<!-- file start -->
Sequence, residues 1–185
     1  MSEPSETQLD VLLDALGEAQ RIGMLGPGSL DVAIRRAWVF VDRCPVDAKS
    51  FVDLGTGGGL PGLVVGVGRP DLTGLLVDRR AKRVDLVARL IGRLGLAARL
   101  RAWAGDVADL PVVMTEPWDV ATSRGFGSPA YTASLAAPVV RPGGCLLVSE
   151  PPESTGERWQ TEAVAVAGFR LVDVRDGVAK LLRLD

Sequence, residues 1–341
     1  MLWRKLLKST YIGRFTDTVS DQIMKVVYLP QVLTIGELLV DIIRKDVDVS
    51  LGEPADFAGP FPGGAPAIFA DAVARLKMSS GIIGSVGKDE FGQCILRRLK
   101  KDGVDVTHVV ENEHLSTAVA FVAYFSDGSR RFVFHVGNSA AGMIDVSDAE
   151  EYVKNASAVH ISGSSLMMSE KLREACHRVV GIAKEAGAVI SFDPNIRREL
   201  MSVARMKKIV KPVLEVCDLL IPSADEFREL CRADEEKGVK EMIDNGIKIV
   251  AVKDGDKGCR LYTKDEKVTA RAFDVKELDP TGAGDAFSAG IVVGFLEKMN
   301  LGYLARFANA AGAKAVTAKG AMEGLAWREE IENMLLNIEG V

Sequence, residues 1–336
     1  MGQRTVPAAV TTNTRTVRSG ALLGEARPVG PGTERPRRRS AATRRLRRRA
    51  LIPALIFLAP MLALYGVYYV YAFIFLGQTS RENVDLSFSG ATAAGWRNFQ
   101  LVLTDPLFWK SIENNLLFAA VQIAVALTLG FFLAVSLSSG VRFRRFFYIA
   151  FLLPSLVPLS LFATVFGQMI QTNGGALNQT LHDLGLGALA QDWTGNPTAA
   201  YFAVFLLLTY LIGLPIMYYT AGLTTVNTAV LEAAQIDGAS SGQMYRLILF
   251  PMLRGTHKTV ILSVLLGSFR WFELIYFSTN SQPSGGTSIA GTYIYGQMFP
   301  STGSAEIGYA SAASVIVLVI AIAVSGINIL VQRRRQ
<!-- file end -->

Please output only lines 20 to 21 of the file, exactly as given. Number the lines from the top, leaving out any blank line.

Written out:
   251  PMLRGTHKTV ILSVLLGSFR WFELIYFSTN SQPSGGTSIA GTYIYGQMFP
   301  STGSAEIGYA SAASVIVLVI AIAVSGINIL VQRRRQ